However, the effects of the trade in illegal copies is being keenly felt by knowledge-based industries across the board, as demonstrated by new research published by IDC which claims that around 41 per cent of all software  installed on computers over the last year was an Illegal copy. According to the research, the global trade in software piracy has cost the industry around $53 Billion. In the UK, software piracy rose by around 1%, accounting for 27% of all software loaded onto British computers.

Marcel Warmerdam of IDC, warned that the global economic crisis was likely to lead to a further rise in the figures this year due to the expansion of high-speed broadband connections, which many use to download all kinds of software ranging from games to office programs.

The British Software Alliance has called for action ahead of the publication of Lord Carter’s Digital Britain report in June.

It’s easy to focus on the music and movie industry as the main victims of piracy, but this research just goes to show that it’s a widespread problem for any business whose value is generated largely as a result of their ability to generate and exploit their intellectual property. 

Software, movies and music are all protected by copyright, which is a right that comes into being as soon as the material in question is recorded in a permanent form, whether that means writing it down, recording it or filming it. Provided that it meets the eligibility requirements, businesses will not need to apply for registration of copyright. This means that, provided they can trace ownership back to themselves, prove that it is original, show when you came up with it and that it doesn’t reproduce a substantial part of any other copyright-protected material, the only investment a business will need to make to protect its copyright is time.

It’s the value of that copyright which is being eroded through illegal downloading. Like the Music Industry, software houses will probably want to focus on Internet Service Providers, who provide their users with their connections to the web and the means to download illegal software, as the source of the problem but this isn’t as straightforward as it may seem.

ISPs can’t ignore the fact that they allow their users to share files and need to take some responsibility for the problem. For a long time, they have sad that they are not in a position to police the activities of their users due to the sheer number of them that download illegal software. ISPs are only obliged to step in and take action where a copyright owner makes them aware of their content being posted on a website which they host, or where they bring individual users to an ISP’s attention.

This is the “mere conduit” defence from the 2002 Electronic Commerce Directive Regulations, which also says that ISPs can be sued for copyright infringement if they do not quickly remove infringing content after being notified that it is on a website which they host or downloaded by their users.

Even then, it isn’t a black and white issue. ISPs monitor traffic on their network for a number of reasons and while it’s easy to identify traffic which moves through file-sharing programs such as LimeWire and Pirate Bay, it’s much more difficult to show exactly what that traffic consists of and what content is being shared. File Sharers are also becoming much better at hiding their IP addresses, which are used to track them down.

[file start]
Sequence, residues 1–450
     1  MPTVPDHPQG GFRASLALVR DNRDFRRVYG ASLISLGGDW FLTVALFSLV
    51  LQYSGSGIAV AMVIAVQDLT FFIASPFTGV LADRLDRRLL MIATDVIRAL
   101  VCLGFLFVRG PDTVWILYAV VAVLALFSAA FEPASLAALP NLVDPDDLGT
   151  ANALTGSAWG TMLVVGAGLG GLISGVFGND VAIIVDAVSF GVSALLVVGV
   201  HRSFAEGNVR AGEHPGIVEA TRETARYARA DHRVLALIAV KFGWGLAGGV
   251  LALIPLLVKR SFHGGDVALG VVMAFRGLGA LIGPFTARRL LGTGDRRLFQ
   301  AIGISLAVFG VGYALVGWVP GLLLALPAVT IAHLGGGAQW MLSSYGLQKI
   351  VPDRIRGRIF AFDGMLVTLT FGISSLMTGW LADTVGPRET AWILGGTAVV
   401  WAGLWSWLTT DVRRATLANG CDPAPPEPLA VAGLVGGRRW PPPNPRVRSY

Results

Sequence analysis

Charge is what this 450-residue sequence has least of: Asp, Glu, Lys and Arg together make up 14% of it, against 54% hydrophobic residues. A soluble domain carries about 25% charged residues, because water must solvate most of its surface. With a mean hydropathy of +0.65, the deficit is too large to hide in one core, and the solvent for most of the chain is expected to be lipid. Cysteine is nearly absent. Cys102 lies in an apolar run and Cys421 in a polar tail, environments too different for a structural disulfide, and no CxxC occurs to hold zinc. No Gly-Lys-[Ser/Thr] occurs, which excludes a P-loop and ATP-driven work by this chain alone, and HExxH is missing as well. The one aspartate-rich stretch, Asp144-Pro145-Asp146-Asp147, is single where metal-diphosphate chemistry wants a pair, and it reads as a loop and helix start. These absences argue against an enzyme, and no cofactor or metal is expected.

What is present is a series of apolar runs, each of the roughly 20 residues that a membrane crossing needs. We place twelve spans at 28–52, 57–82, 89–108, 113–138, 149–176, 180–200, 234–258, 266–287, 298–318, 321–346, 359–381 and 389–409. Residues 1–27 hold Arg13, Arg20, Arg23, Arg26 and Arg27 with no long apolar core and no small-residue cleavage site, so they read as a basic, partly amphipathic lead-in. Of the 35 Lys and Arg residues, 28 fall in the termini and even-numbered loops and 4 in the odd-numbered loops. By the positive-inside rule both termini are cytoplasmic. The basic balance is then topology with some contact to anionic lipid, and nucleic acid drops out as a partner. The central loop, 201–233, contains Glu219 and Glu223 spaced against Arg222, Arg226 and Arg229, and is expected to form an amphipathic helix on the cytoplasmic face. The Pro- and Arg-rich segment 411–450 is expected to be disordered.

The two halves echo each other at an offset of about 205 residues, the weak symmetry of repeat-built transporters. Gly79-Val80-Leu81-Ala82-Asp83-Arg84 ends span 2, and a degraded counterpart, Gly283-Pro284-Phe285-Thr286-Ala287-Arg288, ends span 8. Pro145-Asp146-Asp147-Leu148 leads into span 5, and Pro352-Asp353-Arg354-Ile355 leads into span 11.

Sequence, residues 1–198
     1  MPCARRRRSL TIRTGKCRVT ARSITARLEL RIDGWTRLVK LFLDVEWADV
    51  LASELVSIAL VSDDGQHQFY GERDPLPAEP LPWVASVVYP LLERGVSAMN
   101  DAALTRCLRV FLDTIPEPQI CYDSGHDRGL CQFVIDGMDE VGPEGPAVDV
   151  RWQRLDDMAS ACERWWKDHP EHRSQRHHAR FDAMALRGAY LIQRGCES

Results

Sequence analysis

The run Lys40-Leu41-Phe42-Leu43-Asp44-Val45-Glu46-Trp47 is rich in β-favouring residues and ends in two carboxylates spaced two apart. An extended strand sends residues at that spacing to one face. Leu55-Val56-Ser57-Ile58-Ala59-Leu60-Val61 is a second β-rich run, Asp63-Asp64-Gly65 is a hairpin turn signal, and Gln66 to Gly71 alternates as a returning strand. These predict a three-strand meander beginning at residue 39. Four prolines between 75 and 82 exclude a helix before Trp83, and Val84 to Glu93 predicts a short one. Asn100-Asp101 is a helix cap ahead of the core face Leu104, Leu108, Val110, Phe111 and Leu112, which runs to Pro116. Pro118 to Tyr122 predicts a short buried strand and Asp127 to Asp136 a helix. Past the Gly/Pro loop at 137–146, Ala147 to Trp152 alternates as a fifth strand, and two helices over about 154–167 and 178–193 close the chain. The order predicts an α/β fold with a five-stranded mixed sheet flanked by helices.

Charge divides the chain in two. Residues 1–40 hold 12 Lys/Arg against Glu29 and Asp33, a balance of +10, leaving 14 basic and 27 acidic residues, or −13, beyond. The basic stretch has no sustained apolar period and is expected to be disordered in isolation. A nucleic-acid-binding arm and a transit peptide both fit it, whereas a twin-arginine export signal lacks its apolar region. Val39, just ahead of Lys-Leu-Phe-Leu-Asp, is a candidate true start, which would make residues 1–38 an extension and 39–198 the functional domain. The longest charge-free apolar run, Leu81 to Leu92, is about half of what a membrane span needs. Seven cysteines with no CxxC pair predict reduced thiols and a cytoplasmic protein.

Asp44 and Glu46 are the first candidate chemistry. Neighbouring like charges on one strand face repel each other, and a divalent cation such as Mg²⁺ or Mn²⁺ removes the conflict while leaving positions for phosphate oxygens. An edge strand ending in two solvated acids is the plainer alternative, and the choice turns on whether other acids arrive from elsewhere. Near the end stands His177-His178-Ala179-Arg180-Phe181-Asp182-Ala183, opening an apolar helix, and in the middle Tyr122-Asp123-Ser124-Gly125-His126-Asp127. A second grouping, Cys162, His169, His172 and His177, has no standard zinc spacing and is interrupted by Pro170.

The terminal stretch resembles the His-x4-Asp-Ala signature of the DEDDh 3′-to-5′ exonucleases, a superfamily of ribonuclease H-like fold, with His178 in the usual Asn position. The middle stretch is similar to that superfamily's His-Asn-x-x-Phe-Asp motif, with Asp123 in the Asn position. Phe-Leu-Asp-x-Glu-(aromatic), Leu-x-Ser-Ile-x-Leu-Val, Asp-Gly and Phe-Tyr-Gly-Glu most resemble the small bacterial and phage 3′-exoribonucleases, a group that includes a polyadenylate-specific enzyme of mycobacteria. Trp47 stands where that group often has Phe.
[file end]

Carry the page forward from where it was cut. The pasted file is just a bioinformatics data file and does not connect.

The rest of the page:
Even if you have an IP address, a number of people could use that computer, meaning that you won’t always get the right man. Not only that, but current technology used to digitally fingerprint files is already falling behind the times and may not be admissible as evidence in any court case, especially in a criminal prosecution where the standard of proof is higher. The EU has also expressed concerns that a Court ruling should be obtained before any user is disconnected.

There’s also the other side of the problem – users who make physical copies of software and pass them on. How this will be policed more effectively is anyone’s guess, but there’s certainly an obligation upon Software owners to implement more sophisticated encryption software and other tactics to choke off the supply. The likely target of any initiative would probably be the business community and as such it’s important that businesses ensure that they only use licensed software. It may cost more, but it’s more likely to be easily maintained and not contain malware or viruses.

The message has to be to take this seriously – a woman was forced to pay £16,000 in costs and damages by the Patents County Court in a claim brought by  for file-sharing earlier this year in a case brought by games producer Topware Interactive earlier this year. As we move further towards a knowledge economy, that knowledge will be protected ever more fiercely.

UK Media Industry calls for Illegal Downloaders to be disconnected from the Web

As the recession continues to bite, the Media Industry is lobbying the Government to take a stand against internet piracy. Later today, representatives from Virgin Media, Channel 4, Sony, Universal and the Premier League will call for the Government to force ISPs (Internet Service Providers) to take more responsibility for file-sharing and disconnect persistent illegal downloaders.

In the past, the Media has focussed on educating the public on the effects of illegal downloading through initiatives such as the “Knock Off Nigel” campaign, with proposals being made earlier this year for a “three strikes and you’re out rule. Virgin Media even went as far as sending warning letters out to individual file sharers using their network to download songs by the likes of Amy Winehouse.

However, it’s been difficult to say the least for the Government, the Media and the ISPs to come to an agreement as to how to deal with the problem. The Government has held off from forcing ISPs to take action against file sharers, mainly to avoid the creation of an environment where “teenagers are arrested in their Bedrooms”  and have pledged to introduce other measures to crack down on the problem, which is estimated as making up half of all traffic over the Internet in the UK.